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Legalized Abortion and the Public Health: Report of a Study (1975)

Chapter: 7. Contraception and Abortion

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Suggested Citation:"7. Contraception and Abortion." Institute of Medicine. 1975. Legalized Abortion and the Public Health: Report of a Study. Washington, DC: The National Academies Press. doi: 10.17226/18521.
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Suggested Citation:"7. Contraception and Abortion." Institute of Medicine. 1975. Legalized Abortion and the Public Health: Report of a Study. Washington, DC: The National Academies Press. doi: 10.17226/18521.
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Suggested Citation:"7. Contraception and Abortion." Institute of Medicine. 1975. Legalized Abortion and the Public Health: Report of a Study. Washington, DC: The National Academies Press. doi: 10.17226/18521.
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Suggested Citation:"7. Contraception and Abortion." Institute of Medicine. 1975. Legalized Abortion and the Public Health: Report of a Study. Washington, DC: The National Academies Press. doi: 10.17226/18521.
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Suggested Citation:"7. Contraception and Abortion." Institute of Medicine. 1975. Legalized Abortion and the Public Health: Report of a Study. Washington, DC: The National Academies Press. doi: 10.17226/18521.
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Suggested Citation:"7. Contraception and Abortion." Institute of Medicine. 1975. Legalized Abortion and the Public Health: Report of a Study. Washington, DC: The National Academies Press. doi: 10.17226/18521.
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Suggested Citation:"7. Contraception and Abortion." Institute of Medicine. 1975. Legalized Abortion and the Public Health: Report of a Study. Washington, DC: The National Academies Press. doi: 10.17226/18521.
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Suggested Citation:"7. Contraception and Abortion." Institute of Medicine. 1975. Legalized Abortion and the Public Health: Report of a Study. Washington, DC: The National Academies Press. doi: 10.17226/18521.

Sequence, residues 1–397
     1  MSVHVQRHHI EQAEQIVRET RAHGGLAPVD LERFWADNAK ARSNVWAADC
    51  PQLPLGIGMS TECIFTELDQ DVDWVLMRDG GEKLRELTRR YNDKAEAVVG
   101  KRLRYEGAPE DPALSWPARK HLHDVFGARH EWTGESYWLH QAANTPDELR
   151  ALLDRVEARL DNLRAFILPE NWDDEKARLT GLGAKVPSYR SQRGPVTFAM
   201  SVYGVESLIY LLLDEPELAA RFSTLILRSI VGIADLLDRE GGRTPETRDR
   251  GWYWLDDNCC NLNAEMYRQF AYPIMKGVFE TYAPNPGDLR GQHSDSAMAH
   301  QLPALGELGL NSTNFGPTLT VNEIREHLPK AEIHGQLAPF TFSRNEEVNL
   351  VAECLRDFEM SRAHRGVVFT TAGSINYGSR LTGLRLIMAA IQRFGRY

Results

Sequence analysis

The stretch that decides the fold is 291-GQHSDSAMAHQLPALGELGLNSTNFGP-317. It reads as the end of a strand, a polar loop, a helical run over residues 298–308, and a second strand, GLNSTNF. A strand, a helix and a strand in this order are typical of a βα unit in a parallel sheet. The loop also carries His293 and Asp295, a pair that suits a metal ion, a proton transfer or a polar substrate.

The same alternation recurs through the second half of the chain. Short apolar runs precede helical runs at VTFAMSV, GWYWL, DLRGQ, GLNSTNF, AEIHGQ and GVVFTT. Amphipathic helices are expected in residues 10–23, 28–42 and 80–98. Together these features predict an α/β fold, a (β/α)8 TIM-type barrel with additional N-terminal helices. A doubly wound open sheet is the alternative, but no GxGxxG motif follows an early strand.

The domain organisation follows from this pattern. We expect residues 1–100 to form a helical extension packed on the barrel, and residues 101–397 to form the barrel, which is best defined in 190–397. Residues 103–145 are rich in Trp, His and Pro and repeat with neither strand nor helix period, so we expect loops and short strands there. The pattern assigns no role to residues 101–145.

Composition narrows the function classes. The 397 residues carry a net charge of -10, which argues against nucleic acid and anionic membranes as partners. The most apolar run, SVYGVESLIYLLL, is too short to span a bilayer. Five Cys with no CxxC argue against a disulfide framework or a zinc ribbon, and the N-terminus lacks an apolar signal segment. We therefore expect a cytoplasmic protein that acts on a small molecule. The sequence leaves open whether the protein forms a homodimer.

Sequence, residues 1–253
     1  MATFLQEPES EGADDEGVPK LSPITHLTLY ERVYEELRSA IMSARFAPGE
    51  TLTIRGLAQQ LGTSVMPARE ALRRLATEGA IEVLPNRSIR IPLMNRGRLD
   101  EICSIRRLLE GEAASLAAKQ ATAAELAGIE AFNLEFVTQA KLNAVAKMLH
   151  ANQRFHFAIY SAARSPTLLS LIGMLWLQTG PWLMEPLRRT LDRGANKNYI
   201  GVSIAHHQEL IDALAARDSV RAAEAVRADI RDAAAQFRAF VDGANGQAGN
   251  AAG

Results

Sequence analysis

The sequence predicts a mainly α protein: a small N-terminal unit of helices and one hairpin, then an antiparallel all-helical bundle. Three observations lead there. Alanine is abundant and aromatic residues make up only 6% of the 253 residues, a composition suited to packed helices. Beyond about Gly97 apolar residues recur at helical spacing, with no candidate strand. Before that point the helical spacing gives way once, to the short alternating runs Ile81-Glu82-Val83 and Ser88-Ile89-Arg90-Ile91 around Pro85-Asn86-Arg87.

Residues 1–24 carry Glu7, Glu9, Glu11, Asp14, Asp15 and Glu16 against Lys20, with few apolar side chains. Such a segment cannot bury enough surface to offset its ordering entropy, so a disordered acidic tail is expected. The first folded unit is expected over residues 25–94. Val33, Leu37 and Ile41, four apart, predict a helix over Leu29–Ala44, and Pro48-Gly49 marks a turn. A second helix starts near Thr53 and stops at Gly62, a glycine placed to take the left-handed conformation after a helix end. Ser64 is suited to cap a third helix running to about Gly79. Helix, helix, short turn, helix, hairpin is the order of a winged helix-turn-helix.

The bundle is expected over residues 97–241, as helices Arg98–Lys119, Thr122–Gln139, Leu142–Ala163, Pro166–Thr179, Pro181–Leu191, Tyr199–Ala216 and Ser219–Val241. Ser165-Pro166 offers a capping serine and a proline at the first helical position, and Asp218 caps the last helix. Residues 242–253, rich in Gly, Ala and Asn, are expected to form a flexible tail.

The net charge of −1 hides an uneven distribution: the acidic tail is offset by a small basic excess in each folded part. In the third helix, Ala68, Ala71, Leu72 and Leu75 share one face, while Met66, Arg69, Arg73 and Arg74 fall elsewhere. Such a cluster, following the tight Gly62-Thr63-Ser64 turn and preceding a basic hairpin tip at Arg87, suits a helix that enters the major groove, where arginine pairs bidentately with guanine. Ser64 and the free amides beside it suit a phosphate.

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Suggested Citation:"7. Contraception and Abortion." Institute of Medicine. 1975. Legalized Abortion and the Public Health: Report of a Study. Washington, DC: The National Academies Press. doi: 10.17226/18521.
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Suggested Citation:"7. Contraception and Abortion." Institute of Medicine. 1975. Legalized Abortion and the Public Health: Report of a Study. Washington, DC: The National Academies Press. doi: 10.17226/18521.
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Suggested Citation:"7. Contraception and Abortion." Institute of Medicine. 1975. Legalized Abortion and the Public Health: Report of a Study. Washington, DC: The National Academies Press. doi: 10.17226/18521.
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Suggested Citation:"7. Contraception and Abortion." Institute of Medicine. 1975. Legalized Abortion and the Public Health: Report of a Study. Washington, DC: The National Academies Press. doi: 10.17226/18521.
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Suggested Citation:"7. Contraception and Abortion." Institute of Medicine. 1975. Legalized Abortion and the Public Health: Report of a Study. Washington, DC: The National Academies Press. doi: 10.17226/18521.
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Chapter 7 CONTRACEPTION AND ABORTION This chapter examines the possibility that women who would otherwise use contraception may begin to rely instead on abortion after restrictive abortion laws are relaxed. A major interest in this possibility stems from its implications for repeated abortions and their potential long-term medical complications. An examination of the substitution question is followed by data on the prior patterns of contraceptive use of women obtaining abortions (including repeated abortions), especially teenage women who often have had little experience with contraception. Finally, there is a discussion of the effect of contraceptive counseling on post-abortion contraceptive use, and on the importance of providing contraceptive devices along with counseling services at the time of the abortion. The Substitution of Abortion for Contraception Because contraceptive practice and induced abortion share the common objective of regulating fertility and preventing unwanted births, it has been suggested that legalization of abortion could lead to a growing reliance on abortion rather than contraception to control fertility.Tj In the United States, only very limited data exist for an analysis of this substitution effect primarily because abortion has been widely available only since January 1973. Moreover, the relationship between abortion and contraception as alternate means of fertility regulation is sufficiently complex as to preclude definitive conclusions at this time. What evidence is available on substitution phenomena comes primarily from New York City for the period July 1970 through June 1972. As discussed in Chapter 2, Tietze has estimated that the increment in the number of legal abortions obtained by resident women in New York City could account for less than 40 percent of the decline in the number of births from 1971 to 1972. His conclusion was that "overal1, contraceptive practice improved markedly between the first and second years of the liberalized abortion law."2/ Consistent with this finding, reports from 115